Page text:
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Lorrie Moore on Jonathan Franzen

Filed under: Jonathans are Illuminated   Tagged: ,

From “Bedside Reading,” a friendly little collection (with Amazon links!) of some New Yorker contributors’ literary discoveries, and one reject. The other book-recommenders are Sasha Frere-Jones, Malcolm Gladwell, Jill Lepore, Mary Ellen Mark, Paul Muldoon (glad the poet isn’t last), Nick Paumgarten, and David Sipress.
Despite the hoopla surrounding Jonathan Franzen’s “The Corrections,” I was unprepared for two aspects of it that no one had mentioned to me: how funny it was, and how feminist. (The ending, in which the widowed mother, shed of her marriage, is now ready to make a better life for herself at the age of seventy-five, is like a stiletto of ice slipping neatly into, and then between, the ribs.) On my bedside table now is Franzen’s “The Discomfort Zone,” a wondrous book of lively, intelligent, intimate—and funny—narrative essays, which has received in the Times two of the most bewildering reviews I’ve ever read. Franzen is never the hero of his own anecdotes, and he observes the world (and himself) the way the baby of a family often does: with a kind of ruthless, custodial affection. He is able to see how three different centuries have converged upon Americans and how disorienting that can be. Even the cover charms: on the jacket is a Victorian “Map of a Man’s Heart,” reprinted from McCall’s and looking like some jokey geography thought up by Lewis Carroll, with its “Broad Range of Interests,” its “Province of Deep Thought,” its “Memory of Mother Moat” and “Ravine of the Limited Take-Home.” There are few ways in, though the “Tunnel of Fetch and Carry” will get one across the memory of mom. It all makes me think that people do not have the wit and humor that they used to.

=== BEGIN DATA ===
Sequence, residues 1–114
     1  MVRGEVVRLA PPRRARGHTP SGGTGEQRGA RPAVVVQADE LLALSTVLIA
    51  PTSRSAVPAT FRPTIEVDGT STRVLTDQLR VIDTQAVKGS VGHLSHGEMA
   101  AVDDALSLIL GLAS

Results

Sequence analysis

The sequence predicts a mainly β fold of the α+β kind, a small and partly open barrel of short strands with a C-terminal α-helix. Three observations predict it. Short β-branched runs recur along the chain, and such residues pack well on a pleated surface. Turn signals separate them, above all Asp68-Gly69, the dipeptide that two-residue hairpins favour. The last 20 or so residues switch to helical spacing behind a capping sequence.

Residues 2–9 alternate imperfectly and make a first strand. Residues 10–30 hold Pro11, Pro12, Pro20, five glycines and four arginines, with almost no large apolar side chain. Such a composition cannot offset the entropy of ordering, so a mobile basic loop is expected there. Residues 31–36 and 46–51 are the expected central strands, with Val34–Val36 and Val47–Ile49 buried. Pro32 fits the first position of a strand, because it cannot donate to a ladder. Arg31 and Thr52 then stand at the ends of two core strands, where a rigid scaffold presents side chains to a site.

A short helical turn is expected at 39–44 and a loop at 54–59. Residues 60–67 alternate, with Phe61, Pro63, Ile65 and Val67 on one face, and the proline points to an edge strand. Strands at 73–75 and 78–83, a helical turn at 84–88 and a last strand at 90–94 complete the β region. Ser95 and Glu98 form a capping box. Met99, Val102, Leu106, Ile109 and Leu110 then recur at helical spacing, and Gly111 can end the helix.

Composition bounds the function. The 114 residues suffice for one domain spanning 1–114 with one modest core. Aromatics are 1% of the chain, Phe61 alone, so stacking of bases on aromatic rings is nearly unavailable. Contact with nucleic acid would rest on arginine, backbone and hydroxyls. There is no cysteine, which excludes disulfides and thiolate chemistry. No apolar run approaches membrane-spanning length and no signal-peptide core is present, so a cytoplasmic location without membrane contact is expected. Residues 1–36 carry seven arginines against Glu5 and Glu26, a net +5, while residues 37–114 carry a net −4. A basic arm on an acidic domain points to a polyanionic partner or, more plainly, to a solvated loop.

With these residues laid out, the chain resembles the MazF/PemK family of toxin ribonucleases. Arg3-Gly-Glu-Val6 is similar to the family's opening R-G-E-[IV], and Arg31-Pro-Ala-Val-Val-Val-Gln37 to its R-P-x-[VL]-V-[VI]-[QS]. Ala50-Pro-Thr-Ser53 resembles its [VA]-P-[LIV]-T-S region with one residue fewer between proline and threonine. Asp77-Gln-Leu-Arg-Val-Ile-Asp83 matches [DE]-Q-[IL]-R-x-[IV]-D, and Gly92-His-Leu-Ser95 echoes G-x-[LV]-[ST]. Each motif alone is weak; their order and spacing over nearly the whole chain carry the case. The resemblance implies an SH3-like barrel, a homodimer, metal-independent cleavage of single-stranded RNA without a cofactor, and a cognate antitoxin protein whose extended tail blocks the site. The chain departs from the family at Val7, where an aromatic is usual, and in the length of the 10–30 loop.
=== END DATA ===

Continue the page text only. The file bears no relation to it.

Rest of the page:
I like you more all the time, Lorrie Moore.


I’ve got Dalton Trumbo’s “Additional Dialogue: Letters of Dalton Trumbo 1942-1962” on my bedside table. Unfortunately it has contributed to me living in the Los Angeles time-zone, even though I live in NY. If I don’t do curb my bedtime reading extravagance, I’ll soon be living in the Japan time zone!

“Bedside Reading” is delightful. I’m definitely going to take my cue from Nick Paumgarten’s reading list and check out “Oracle Bones.” (I’m also a Peter Hessler fan, so I don’t need much arm-twisting.) I hope “Bedside Reading” becomes a regular feature of the magazine’s website. I’m curious to know the reading tastes of the entire staff.

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